Invisible Transaction

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Invisible Transaction

An exchange in which a service is traded across international borders and money changes hands, but in which no tangible assets are traded. An example of an invisible transaction is a consulting service offered to a client in a different country. Invisible transactions are included as invisible items when calculating a country's balance of payments.
References in periodicals archive ?
Visa SVP of Innovation and Strategic Partnerships Shiv Singh shared a similar vision, mentioning the need for invisible transactions, a frictionless consumer experience and equal support for brand awareness, product development and innovation as keys to success.
The balance of 40 per cent should be used to meet other trade obligations, visible and invisible transactions.
The CBN announced relaxed measures the same day following its Monetary Policy Committee (MPC) meeting: foreign exchange bought on the interbank market and biweekly auctions could now only be used for 'funding of letters of credit, bills for collection and other invisible transactions," and bureaux de change would be restricted from access.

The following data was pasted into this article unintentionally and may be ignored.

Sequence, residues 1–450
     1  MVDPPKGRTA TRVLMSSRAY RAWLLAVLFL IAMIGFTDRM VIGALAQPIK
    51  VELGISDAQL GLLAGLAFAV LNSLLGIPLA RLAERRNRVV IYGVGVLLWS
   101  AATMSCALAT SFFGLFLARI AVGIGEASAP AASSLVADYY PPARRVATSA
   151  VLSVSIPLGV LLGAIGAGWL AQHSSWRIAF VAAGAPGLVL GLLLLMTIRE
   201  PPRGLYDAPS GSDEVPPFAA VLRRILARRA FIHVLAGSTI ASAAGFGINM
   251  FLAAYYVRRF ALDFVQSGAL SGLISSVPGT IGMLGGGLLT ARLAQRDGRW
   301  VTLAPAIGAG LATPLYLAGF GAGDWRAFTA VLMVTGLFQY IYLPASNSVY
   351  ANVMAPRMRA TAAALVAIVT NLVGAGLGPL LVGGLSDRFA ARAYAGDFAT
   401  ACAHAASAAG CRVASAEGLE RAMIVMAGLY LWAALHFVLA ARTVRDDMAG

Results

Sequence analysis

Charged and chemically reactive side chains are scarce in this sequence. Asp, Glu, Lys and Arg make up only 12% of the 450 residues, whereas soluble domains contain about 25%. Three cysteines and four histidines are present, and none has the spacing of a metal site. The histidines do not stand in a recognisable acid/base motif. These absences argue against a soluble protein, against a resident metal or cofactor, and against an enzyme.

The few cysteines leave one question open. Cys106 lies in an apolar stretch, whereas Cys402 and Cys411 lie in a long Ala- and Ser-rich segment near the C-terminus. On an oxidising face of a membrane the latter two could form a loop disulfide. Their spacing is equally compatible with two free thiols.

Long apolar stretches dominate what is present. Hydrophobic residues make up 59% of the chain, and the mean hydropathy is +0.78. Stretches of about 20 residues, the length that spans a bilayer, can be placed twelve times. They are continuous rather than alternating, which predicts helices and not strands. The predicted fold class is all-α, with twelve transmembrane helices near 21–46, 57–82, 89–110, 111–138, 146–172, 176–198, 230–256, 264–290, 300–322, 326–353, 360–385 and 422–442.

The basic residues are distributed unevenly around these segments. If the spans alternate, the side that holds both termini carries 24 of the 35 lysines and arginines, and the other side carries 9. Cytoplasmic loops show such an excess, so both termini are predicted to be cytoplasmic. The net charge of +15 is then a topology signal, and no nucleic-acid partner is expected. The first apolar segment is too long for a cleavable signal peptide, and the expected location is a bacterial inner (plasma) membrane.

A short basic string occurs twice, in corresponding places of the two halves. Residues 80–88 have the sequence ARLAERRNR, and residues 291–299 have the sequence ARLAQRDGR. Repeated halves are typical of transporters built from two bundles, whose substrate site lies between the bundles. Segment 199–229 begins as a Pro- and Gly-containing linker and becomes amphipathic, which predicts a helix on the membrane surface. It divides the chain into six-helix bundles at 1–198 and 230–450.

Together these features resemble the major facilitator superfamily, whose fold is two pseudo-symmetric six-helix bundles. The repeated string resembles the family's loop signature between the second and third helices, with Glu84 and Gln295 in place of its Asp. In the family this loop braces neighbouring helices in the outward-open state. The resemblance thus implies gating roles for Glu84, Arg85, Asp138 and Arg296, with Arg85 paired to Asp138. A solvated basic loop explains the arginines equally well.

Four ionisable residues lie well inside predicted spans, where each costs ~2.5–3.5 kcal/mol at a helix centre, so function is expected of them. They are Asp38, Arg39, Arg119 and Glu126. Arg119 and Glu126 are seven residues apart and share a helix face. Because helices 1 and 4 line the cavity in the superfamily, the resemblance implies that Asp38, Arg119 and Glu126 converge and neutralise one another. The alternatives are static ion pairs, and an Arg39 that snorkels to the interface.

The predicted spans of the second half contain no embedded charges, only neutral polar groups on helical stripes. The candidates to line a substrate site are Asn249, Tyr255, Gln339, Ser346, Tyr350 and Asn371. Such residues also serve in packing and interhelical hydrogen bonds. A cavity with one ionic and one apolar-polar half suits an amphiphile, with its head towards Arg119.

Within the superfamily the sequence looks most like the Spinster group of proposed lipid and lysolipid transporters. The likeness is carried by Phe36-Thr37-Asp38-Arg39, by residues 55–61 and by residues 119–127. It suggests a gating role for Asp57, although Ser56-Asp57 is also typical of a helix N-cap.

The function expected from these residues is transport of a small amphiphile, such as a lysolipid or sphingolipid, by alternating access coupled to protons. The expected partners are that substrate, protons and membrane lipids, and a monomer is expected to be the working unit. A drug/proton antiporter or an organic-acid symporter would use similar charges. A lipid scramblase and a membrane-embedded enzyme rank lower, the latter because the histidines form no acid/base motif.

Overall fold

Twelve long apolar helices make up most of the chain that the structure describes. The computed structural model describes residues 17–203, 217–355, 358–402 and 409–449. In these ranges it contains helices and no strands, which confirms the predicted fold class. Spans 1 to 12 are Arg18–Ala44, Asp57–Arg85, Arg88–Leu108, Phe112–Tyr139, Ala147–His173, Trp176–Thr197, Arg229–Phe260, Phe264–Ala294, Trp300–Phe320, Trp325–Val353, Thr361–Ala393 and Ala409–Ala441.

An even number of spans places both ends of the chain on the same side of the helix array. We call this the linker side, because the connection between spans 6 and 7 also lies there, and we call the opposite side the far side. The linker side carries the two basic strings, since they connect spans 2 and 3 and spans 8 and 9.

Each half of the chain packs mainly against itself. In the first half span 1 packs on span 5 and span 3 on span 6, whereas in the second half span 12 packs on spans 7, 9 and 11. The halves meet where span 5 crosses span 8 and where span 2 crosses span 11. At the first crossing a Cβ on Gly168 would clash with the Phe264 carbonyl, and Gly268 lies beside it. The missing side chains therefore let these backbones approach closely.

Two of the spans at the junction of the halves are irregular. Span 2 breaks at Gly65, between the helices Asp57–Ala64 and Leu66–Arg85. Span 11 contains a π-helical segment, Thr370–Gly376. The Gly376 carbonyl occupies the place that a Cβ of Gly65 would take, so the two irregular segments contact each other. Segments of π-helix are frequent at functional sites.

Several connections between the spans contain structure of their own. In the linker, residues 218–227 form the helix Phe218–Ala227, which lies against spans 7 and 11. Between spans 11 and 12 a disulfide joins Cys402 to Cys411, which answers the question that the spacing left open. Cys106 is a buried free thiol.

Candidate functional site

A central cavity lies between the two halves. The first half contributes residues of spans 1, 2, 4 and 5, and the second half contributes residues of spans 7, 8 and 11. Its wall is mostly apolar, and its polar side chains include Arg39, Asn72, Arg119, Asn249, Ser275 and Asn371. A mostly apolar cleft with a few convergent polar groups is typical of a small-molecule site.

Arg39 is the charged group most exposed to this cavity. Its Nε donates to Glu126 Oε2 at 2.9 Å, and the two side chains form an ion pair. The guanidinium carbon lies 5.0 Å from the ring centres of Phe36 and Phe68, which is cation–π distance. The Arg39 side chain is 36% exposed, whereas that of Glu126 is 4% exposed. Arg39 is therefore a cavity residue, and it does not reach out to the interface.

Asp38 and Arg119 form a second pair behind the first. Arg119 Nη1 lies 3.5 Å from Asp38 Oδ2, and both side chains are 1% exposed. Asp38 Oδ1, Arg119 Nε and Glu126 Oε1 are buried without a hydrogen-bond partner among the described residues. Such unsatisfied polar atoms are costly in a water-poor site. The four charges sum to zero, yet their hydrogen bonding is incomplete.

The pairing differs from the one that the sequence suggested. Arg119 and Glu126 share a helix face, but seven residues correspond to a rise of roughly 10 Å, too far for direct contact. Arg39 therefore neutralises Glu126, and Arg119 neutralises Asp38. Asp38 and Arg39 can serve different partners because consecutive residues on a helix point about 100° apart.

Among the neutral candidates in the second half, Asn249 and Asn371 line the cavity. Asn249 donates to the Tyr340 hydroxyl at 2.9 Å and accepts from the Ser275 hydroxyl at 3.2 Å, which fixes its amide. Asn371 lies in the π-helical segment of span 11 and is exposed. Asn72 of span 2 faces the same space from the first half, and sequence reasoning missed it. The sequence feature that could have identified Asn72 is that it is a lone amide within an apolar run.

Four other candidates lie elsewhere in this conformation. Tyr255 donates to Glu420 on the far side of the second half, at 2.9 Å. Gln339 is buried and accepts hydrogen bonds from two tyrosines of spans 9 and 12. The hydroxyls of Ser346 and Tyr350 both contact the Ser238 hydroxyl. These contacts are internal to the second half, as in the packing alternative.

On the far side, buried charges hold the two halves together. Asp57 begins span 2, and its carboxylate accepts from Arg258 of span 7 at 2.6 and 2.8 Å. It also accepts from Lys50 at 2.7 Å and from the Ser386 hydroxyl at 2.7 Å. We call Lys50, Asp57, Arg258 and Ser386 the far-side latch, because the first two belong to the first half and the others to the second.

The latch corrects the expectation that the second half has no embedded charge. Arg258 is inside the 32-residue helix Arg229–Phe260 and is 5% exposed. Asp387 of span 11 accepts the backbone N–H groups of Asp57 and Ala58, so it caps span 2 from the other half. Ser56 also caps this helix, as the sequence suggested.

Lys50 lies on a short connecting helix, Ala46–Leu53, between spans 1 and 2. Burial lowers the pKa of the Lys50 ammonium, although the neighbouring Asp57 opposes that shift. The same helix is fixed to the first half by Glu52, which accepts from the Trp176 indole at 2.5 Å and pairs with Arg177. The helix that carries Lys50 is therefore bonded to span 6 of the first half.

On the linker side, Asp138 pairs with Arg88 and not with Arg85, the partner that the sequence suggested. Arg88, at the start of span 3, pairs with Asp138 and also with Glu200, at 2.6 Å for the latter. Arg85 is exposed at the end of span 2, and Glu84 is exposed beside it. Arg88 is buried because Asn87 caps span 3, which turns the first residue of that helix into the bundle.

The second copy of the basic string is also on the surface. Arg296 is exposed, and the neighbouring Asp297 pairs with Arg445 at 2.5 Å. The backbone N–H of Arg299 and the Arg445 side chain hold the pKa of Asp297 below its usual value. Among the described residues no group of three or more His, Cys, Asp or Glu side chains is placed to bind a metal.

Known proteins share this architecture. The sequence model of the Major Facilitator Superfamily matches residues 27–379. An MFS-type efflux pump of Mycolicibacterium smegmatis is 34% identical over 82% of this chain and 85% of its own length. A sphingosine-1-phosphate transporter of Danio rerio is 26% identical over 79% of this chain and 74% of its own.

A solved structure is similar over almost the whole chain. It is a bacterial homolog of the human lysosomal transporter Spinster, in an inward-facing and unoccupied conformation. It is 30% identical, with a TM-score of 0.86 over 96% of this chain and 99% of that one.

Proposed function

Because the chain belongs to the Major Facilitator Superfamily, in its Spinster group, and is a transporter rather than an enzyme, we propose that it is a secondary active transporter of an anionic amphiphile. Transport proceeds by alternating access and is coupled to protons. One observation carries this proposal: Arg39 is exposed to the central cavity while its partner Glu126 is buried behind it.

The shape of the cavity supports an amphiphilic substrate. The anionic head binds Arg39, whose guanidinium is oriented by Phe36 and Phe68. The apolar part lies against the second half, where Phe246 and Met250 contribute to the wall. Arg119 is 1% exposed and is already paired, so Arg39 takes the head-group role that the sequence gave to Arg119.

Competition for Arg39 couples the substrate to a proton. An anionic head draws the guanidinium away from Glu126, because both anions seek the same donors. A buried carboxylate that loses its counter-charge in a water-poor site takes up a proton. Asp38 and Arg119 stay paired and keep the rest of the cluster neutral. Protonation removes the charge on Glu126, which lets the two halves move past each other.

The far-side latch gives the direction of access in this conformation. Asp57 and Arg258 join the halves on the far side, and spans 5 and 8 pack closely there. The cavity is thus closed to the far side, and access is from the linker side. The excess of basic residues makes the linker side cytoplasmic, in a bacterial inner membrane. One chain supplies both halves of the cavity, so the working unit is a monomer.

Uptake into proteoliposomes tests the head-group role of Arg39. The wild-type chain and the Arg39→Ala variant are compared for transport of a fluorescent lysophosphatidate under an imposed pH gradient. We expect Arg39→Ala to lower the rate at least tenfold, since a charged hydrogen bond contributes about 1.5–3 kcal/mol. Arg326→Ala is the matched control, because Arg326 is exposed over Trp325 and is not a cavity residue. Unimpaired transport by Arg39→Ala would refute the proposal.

Reforms have included: (1) liberalisation of invisible transactions in 1997, leading to current account convertibility; (2) recapitalisation of state banks to reach an 8% capital adequacy ratio by 1999; (3) creation of treasury bill and bond markets which have expanded; (4) privatisation of state-owned companies; (5) continued efforts to cut tariffs; (6) elimination of profit margin controls in the pharmaceuticals industry by 1998; (7) cuts in public spending and reform of the civil service, aimed at generating a budget surplus; and (8) reform of the agricultural sector, including privatisation of land, backed by a World Bank structural adjustment loan (see background in Vol.
The balance of 40 per cent should be used to meet trade obligations, visible and invisible transactions.
Reforms have included: (1) liberalisation of invisible transactions in 1997, leading to current account convertibility; (2) recapitalisation of state banks to reach an 8% capital adequacy ratio by 1999; (3) creation of treasury bill and bond market; (4) privatisations of state-owned companies; (5) continued efforts to cut tariffs; (6) elimination of profit margin controls in the pharmaceutical industry by 1998; (7) cuts in public spending and reform of the civil service, aimed at generating a budget surplus; and (8) reform of the agricultural sector, including privatisation of land, supported by a World Bank structural adjustment loan (see background in Vol.